Advocates of the flat tax

Thursday, November 10, 2011
Alvin Rabushka is the David and Joan Traitel Senior Fellow at the Hoover Institu
Alvin Rabushka is the David and Joan Traitel Senior Fellow at the Hoover Institu

In an article in the Stanford Daily, Alvin Rabushka, the David and Joan Traitel Senior Fellow at the Hoover Institution, discusses his advice to Texas governor Rick Perry on Perry’s flat-rate tax plan. Rabushka also commented on Herman Cain’s 9-9-9 plan: “In effect what you’ve got is labor paying a 9 percent tax, labor again paying 9 percent on income above a poverty threshold, and then again paying 9 percent as consumers.” Click here to read the article.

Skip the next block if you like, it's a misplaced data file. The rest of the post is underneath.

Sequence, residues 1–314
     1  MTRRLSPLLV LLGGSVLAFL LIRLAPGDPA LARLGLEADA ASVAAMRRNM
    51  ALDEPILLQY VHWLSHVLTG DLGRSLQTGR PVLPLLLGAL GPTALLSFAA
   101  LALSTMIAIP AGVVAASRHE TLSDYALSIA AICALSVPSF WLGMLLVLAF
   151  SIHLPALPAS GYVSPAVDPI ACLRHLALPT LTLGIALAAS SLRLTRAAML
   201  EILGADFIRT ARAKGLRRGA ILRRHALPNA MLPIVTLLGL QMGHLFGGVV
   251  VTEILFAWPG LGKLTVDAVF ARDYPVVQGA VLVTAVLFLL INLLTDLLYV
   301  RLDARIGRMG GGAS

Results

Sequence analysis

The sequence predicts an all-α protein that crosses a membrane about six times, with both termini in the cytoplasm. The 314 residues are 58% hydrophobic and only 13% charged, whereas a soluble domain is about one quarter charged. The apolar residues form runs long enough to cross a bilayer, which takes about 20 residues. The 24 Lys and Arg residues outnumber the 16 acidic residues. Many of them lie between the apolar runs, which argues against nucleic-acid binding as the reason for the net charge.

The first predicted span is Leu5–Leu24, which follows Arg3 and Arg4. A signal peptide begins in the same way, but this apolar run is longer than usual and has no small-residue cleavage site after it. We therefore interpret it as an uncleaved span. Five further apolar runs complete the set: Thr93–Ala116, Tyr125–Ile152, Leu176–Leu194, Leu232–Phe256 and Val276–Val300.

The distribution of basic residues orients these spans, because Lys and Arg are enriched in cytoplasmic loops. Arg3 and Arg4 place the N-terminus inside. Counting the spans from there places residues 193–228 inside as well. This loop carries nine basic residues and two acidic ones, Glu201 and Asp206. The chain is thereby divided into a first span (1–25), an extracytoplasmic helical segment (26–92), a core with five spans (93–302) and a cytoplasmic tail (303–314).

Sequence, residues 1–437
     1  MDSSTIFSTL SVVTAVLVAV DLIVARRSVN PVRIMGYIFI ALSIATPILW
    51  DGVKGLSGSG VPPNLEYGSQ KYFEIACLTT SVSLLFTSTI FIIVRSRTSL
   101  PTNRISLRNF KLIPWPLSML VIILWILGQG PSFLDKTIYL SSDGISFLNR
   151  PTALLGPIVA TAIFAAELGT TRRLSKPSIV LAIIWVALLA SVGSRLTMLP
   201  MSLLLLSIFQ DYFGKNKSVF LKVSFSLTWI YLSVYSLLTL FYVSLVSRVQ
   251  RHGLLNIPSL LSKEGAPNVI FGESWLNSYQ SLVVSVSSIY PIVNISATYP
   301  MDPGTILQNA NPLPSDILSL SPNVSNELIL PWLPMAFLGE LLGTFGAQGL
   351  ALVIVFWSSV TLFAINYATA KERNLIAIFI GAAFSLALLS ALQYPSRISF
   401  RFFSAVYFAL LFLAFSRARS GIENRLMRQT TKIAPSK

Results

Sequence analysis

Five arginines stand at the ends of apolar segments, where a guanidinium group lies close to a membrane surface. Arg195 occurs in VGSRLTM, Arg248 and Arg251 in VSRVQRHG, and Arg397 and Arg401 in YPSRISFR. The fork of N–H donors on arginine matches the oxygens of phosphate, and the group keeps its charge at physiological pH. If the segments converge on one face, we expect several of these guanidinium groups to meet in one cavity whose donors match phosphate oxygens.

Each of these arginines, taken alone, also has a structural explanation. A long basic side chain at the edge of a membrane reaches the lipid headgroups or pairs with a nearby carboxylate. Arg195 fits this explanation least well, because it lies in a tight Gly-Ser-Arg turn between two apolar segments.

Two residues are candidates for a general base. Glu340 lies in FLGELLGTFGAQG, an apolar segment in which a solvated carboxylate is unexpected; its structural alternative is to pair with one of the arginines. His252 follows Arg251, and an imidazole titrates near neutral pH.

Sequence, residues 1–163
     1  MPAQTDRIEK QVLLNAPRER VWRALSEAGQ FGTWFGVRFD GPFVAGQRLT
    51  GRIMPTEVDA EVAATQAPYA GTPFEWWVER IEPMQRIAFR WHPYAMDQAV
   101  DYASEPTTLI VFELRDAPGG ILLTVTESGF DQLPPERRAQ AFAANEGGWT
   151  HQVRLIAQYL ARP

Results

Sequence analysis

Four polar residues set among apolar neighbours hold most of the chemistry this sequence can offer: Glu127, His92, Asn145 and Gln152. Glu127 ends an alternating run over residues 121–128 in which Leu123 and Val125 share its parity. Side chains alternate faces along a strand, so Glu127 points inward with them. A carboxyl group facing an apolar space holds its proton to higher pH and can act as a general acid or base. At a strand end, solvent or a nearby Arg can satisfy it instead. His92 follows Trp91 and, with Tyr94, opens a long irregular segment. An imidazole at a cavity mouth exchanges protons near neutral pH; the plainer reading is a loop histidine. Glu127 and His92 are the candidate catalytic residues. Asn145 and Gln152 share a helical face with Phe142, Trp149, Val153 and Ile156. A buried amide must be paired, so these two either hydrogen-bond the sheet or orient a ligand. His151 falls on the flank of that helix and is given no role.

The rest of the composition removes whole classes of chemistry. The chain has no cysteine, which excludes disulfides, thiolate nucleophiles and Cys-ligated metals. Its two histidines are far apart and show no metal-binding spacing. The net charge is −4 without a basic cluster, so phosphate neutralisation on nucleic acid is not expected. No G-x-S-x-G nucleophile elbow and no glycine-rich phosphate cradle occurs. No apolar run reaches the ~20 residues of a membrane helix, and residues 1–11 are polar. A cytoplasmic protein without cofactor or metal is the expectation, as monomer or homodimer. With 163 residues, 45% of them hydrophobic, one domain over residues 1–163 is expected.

All the leading GOP presidential candidates have embraced some form of a flat tax, a simplified tax code, or both. Milton Friedman first popularized the idea of a flat tax in his 1962 book Capitalism and Freedom: “The subsidy to the beneficiaries is independent of their poverty or wealth; the man of means receives it as much as the indigent. The tax which pays the subsidy is a flat-rate tax on earnings up to a maximum.” In the Hoover Archives are Milton Friedman’s papers, which discuss a negative income tax system that includes a flat tax. In The Flat Tax (second edition), Hoover fellows Robert E. Hall and Alvin Rabushka refined Friedman’s ideas in a tax reform plan that involves “tax[ing] all income, once only, at a uniform rate of 19 percent.” Thirty-seven countries have instituted some form of the flat tax.